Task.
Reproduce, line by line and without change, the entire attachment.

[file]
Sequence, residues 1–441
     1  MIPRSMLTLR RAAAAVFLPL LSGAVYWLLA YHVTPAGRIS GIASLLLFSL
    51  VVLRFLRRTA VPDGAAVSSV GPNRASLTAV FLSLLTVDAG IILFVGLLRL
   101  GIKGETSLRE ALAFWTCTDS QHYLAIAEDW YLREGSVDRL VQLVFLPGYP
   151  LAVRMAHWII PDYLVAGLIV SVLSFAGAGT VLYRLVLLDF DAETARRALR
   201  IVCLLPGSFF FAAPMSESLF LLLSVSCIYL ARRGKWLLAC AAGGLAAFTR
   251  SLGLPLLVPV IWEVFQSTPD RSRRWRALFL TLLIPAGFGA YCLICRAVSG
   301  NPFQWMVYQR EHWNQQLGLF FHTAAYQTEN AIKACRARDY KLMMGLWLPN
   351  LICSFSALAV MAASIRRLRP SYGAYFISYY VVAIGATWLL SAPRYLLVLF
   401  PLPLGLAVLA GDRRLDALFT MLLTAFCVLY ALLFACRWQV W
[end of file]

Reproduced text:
Sequence, residues 1–441
     1  MIPRSMLTLR RAAAAVFLPL LSGAVYWLLA YHVTPAGRIS GIASLLLFSL
    51  VVLRFLRRTA VPDGAAVSSV GPNRASLTAV FLSLLTVDAG IILFVGLLRL
   101  GIKGETSLRE ALAFWTCTDS QHYLAIAEDW YLREGSVDRL VQLVFLPGYP
   151  LAVRMAHWII PDYLVAGLIV SVLSFAGAGT VLYRLVLLDF DAETARRALR
   201  IVCLLPGSFF FAAPMSESLF LLLSVSCIYL ARRGKWLLAC AAGGLAAFTR
   251  SLGLPLLVPV IWEVFQSTPD RSRRWRALFL TLLIPAGFGA YCLICRAVSG
   301  NPFQWMVYQR EHWNQQLGLF FHTAAYQTEN AIKACRARDY KLMMGLWLPN
   351  LICSFSALAV MAASIRRLRP SYGAYFISYY VVAIGATWLL SAPRYLLVLF
   401  PLPLGLAVLA GDRRLDALFT MLLTAFCVLY ALLFACRWQV W